Email Tag Alongs: Attachments

        Ensure that whatever you're attaching to your email is relevant and useful. Try to limit the number of attachments by collating them, if possible. Check the file size and compress it before sending - nobody wants a 7MB incoming email bogging down their inbox and freezing up their system. And don't forget the attachment(s) when you send your email… this is where proof-reading will help you.

        Following Up With Email Replies

        All the same rules apply as above. When replying to an email, check that you've answered all of the questions in the original email. Don't give your client the impression that you're not interested in them or giving them the time they deserve. In their minds, if you're brushing over their emails, what else are you brushing over?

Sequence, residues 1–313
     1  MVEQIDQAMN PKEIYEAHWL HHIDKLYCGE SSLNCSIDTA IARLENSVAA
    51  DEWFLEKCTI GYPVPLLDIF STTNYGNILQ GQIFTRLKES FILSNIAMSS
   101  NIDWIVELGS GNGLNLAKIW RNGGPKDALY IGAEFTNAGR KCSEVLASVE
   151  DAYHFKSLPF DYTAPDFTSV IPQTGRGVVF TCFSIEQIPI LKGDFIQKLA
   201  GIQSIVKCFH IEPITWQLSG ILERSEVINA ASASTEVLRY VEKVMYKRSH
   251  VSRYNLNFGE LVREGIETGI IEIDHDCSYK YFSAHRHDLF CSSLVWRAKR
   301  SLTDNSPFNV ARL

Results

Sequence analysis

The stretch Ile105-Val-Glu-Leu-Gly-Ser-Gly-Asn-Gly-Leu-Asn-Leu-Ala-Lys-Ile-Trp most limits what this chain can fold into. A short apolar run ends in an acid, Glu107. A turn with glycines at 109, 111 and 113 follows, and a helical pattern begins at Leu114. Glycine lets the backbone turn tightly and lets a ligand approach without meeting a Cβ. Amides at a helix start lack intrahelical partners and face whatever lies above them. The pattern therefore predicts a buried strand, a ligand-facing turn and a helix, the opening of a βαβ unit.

Reply All. Use this carefully and think about who needs to see your reply. Just because you were sent a message with other recipients doesn't mean everyone needs to see a reply from you. And—very important—do not hit 'reply all' when you've intended to hit 'reply.' You can accidentally send something that shouldn't be seen by someone and could get you into a lot of trouble. Always check before you hit send.

        Brushing up on your email etiquette will help you maintain a good email relationship with your clients. So don't overestimate your emailing skills and underestimate the importance of good communication.